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The rule of 'Third' ; Wasserstein play questions what we think we know

Nobody is right all of the time, and for the people who think they are, that can be a pretty hard lesson.

It's even harder for those who refuse to learn it.

The late playwright Wendy Wasserstein wrestles with that idea, and the greater uncertainties of life -- and death -- in her often comic if somewhat disjointed final play, "Third," which is having its Western New York premiere at the Kavinoky Theatre.

"Third" isn't a major play, like "The Heidi Chronicles," which won Wasserstein a Pulitzer Prize and Tony award; it is an introspective take on what we might consider common knowledge. Part of what is discovered here is that, just because everyone knows something doesn't make it true.

Professor Laurie Jameson (Eileen Dugan) is the central, Wasserstein-esque character, with a high-ranking post at an exclusive, liberal arts college. She opens the play delivering a welcoming lecture to her class, boasting that under her auspices there will be no tolerance for anything "hetero-sexist, racist or classist."

"Don't be afraid to challenge me -- or the dominant culture," she announces.

Ah, but woe to he who does. Woodson Bull III (Patrick Cameron), otherwise known as Third, finds that out.

Third came to college to wrestle, study and graduate, as he puts it, only to wind up embodying everything his English professor believes is wrong with the country, the world, the campus, maybe even with her family and her friendships.

Faster than a trucker can call a waitress "Hon," Jameson pegs Third as an undeserving, pampered son of privilege (his father and grandfather went to the school). When he turns in a paper that is a "coherent, psychosexual interpretation" of King Lear, Jameson declares that Third, "a walking Red State," could not possibly have written it.

"Are you accusing me of stealing based on socioeconomic profiling?" Third exclaims, summing up the central plot device of the play in one question.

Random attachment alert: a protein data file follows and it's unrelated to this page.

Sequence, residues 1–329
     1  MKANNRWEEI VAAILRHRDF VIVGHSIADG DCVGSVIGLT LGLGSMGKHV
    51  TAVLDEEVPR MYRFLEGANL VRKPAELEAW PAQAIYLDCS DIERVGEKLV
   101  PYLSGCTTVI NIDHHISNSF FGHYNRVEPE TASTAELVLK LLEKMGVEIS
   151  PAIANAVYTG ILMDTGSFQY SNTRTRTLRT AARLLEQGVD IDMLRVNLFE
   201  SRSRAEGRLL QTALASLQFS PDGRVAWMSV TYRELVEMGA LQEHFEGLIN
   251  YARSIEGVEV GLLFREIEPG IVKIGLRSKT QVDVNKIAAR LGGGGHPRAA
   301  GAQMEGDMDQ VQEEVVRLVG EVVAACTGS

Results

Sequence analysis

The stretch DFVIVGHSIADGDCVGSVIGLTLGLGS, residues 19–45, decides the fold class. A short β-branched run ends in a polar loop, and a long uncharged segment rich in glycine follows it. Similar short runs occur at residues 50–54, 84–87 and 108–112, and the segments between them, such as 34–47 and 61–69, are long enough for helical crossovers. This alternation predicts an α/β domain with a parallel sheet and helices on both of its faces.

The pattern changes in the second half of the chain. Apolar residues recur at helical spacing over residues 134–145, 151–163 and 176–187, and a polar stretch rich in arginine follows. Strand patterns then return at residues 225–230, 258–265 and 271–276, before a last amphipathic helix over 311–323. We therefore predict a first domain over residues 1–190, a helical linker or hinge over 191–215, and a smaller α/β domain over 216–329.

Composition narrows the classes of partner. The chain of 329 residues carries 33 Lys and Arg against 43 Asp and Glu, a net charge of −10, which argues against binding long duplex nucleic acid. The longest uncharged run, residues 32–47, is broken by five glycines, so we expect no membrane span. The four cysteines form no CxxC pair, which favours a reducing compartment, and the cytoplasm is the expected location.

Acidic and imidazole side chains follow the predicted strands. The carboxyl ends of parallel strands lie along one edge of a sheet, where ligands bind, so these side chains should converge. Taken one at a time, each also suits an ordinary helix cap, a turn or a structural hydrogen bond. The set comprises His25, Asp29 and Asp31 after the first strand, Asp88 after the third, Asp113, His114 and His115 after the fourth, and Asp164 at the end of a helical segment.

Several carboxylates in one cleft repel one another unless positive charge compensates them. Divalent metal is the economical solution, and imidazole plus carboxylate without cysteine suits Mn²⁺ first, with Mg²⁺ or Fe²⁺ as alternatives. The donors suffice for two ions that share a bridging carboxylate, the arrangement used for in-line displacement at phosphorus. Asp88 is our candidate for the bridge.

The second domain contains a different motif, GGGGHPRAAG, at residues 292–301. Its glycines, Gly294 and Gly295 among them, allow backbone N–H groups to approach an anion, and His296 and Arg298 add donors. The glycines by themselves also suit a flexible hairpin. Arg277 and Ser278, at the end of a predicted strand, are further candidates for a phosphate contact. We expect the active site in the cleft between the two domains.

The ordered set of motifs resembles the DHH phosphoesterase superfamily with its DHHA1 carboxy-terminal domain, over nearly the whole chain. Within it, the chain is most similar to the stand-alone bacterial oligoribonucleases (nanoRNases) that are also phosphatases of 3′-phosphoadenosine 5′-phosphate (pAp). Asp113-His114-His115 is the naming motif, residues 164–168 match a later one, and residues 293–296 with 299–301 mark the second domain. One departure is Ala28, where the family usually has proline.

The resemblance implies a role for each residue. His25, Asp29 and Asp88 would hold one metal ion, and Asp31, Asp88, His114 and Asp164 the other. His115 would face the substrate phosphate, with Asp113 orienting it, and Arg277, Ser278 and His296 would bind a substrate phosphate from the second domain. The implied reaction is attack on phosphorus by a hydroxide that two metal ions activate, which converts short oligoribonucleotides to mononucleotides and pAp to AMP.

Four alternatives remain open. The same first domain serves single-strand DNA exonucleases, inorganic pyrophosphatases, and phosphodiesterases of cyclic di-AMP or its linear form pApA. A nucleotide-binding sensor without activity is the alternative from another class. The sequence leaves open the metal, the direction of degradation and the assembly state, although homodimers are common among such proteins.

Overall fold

The play is set after the Sept. 11, 2001, terror attacks, with President George W. Bush on his march to war and Americans still adjusting to this brand new world of uncertainty and fear.

It echoes the uncertainty in Laurie's once oh-so-certain life. But now her friend Nancy (Colleen Gaughan, very sharp and funny here) is fighting cancer, and her daughter Emily (Anne Roaldi) is in love with a (gasp!) bank teller. Also in the house is her father, in the throes of dementia. Saul Elkin makes the most of this small role, raging against his fate while refusing to acknowledge it: "You can't fool me," he hollers. "I'm Jack Jameson and I still know what I know!"

Of course, he doesn't, which is the point of "Third." What does anyone really know? And, in the long run, how much does it matter?

The production is solid, moving at a quick pace with a short intermission and it's over before you look twice at your watch. Wasserstein died of cancer at age 55, not long after finishing this play, and you can't help making assumptions of how her illness may have affected her writing. Laurie has a "therapy session" monologue to help anchor the play, but other scenes seem out of place, even unnecessary -- especially a feel-good ending that could be excised with no harm done at all.

But the actors carry it off splendidly, handling the smart dialogue with finesse, although everyone does sound a lot like Wasserstein. They also do their best with the steeply tiered set, which serves to represent the gates of academia but limits the cast's movement.

A favorite scene is Dugan and Gaughan, goofing around as good buddies, singing "Stopping by the Woods on a Snowy Evening" to the tune of "Hernando's Hideaway."

Moments like that, where hope overcomes irony, along with the inescapable uncertainty of either, make "Third" the kind of play you could easily find quibbles with, but are bound to talk about on the way home.




3 stars (out of 4)    
WHEN: Through Feb. 6    
WHERE: Kavinoky Theatre, 320 Porter Ave.    
TICKETS: $32 to $36    
INFO: 829-7668,

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